What came out of the G8 summit for women?
Saturday June 09th 2007, 12:19 pm
Filed under: 50:50
, Nobel Women's Initiative
, aid and development
, economic empowerment
, human rights
, sexual and reproductive health rights (SHRH)
, women's rights
by Patricia Daniel
You can access all the summit declarations on the official website and download them as pdf documents. But I advise you not to bother. They mainly contain bland statements which commit the G8 to nothing. In general they say: “we note that this is an important issue and we agree to talk about it again at a later date.” And as far as women specifically are concerned, I have already been through the documents with my gender lens and pulled the relevant paragraphs out for you. There aren’t many and they’re all from the declaration on Africa.
So, here’s my immediate review of what came out of the G8 summit for women, based on the five key concerns we identified in the open letter. We invite our bloggers to comment in more detail.
Combat structural economic exclusion
More of the same on the global economy – in fact possibly a lot more if the emerging economies go into G8 partnership agreements. One very bland reference to women:
“The G8 emphasize the importance of the political and economic empowerment of women as a contribution to sustainable growth and responsible government. We are promoting the World Bank’s Gender Action Plan and welcome this and further initiatives supporting our African partners’ efforts to foster the economic empowerment of women such as those taken by the United Nations.”Paragraph 29, Growth and Responsibility for Africa
Reverse the marginalisation of women
This is really all I could find:
“Education is a fundamental driver for national development and economic growth, providing a skilled labour force, and promoting equity, enterprise, and prosperity. Education also promotes good health, empowers girls and women, and leads to healthier families. We are committed to working with partner governments and the private sector to expand opportunities for disadvantaged girls and boys, including beyond the classrooms, to learn 21st century skills and increase their participation in society. We reaffirm that no country seriously committed to “Education for All” will be thwarted in their achievement of this goal by lack of resources.”
Paragraph 37, Growth and Responsibility for Africa
Climate change – sustainable development
A lot of hot air and no reference to women – or any new approach to grassroots development.
Health, HIV/AIDS and women’s rights
I’m surprised. There’s some detailed analysis here, a shift in discourse and a concrete pledge to provide more funding. But $60 billion over four years is to be shared between the whole African continent and Eastern European countries, so it’s not terribly generous. And we still need to see if the money materialises. Nevertheless I see this as a real success for women’s campaigning and a personal success for Bundesministerin Heidemarie Wiezcorek-Zeul who has championed these issues in Germany these past six months.
“50. Recognizing the growing feminization of the AIDS epidemic, the G8 in cooperation with partner governments support a gender-sensitive response by the Global Fund for AIDS, Tuberculosis and Malaria (GFATM) with the goal of ensuring that greater attention and appropriate resources are allocated by the Fund to HIV/AIDS prevention, treatment, and care that addresses the needs of women and girls. Coverage of prevention of mother to child transmission programs (PMTCT) currently stands at only 11%. In the overall context of scaling up towards the goal of universal access and strengthening of health systems we will contribute substantially with other donors to work towards the goal of providing universal coverage of PMTCT programs by 2010. The cost to reach this target, as estimated by UNICEF, is US$ 1,5 billion. The G8 together with other donors will work towards meeting the needed re-sources for paediatric treatments in the context of universal access, at a cost of US$ 1,8 billion till 2010, estimated by UNICEF. We will also scale up efforts to reduce the gaps, in the area of maternal and child health care and voluntary family planning, an estimated US$ 1,5 billion.51. By achieving the MDG on education, 700,000 new HIV-infections could be pre-vented every year. Education not only improves the understanding for infectious dis-eases but also improves women’s and girls’ economic prospects and empowers them. The G8 will take concrete steps to support education programs especially for girls, to promote knowledge about sexuality and reproductive health and the prevention of sexually transmitted infections. The G8 will support the nationwide inclusion of appropriate HIV/AIDS-related information and life-skills information in school curricula, in the context of nationally owned sector plans as well as prevention information with regard to malaria and other relevant health topics.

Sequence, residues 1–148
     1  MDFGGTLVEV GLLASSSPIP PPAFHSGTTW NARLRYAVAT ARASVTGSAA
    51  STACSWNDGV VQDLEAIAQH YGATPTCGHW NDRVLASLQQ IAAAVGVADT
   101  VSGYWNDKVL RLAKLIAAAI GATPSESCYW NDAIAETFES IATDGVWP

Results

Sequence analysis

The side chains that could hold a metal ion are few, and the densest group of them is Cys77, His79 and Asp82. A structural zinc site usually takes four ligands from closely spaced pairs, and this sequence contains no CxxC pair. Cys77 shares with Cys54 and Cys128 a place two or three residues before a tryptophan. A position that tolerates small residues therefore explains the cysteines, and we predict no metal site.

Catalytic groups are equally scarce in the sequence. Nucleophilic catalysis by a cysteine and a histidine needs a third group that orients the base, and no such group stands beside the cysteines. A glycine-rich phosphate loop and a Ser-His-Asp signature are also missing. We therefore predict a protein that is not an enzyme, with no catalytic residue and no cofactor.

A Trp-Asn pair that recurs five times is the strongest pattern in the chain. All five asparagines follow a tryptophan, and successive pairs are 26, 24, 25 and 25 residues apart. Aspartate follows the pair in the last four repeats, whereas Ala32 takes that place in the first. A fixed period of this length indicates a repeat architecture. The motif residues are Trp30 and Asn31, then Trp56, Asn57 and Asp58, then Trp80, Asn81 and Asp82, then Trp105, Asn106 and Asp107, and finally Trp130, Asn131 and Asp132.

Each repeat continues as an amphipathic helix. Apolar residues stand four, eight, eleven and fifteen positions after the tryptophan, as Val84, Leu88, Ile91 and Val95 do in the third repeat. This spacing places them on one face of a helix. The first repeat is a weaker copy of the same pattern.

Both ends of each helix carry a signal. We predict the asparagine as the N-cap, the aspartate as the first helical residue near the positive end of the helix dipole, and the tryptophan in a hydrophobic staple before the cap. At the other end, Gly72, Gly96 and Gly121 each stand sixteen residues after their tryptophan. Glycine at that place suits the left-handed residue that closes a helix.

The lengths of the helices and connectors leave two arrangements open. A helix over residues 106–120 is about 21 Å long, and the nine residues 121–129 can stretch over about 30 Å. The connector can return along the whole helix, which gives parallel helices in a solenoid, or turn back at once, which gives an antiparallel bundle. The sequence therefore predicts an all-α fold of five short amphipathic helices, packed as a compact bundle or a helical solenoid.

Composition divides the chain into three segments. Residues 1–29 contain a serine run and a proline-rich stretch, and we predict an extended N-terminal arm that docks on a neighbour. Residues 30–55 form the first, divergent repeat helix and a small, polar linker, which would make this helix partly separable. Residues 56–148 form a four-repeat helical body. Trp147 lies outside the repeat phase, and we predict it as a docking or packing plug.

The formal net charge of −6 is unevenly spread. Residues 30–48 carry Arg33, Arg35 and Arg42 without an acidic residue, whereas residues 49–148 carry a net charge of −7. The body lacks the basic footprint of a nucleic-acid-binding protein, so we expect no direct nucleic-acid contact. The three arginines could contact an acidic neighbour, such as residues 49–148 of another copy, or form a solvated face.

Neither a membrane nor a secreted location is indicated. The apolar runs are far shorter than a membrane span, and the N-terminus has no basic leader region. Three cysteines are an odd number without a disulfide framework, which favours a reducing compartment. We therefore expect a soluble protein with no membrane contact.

52. The G8 will emphasize the importance of programs to promote and protect human rights of women and girls as well as the prevention of sexual violence and coercion especially in the context of preventing HIV/AIDS infections. We welcome the commitment expressed by African partners aiming at promoting the rights and role of women and girls. We will also work to support additional concerted efforts to stop sexual exploitation and gender-based violence. 53. The G8 will take concrete steps to work toward improving the link between HIV/AIDS activities and sexual and reproductive health and voluntary family planning programs, to improve access to health care, including preventing mother-to-child transmission, and to achieve the Millennium Development Goals by adopting a multi-sectoral approach and by fostering community involvement and participation.”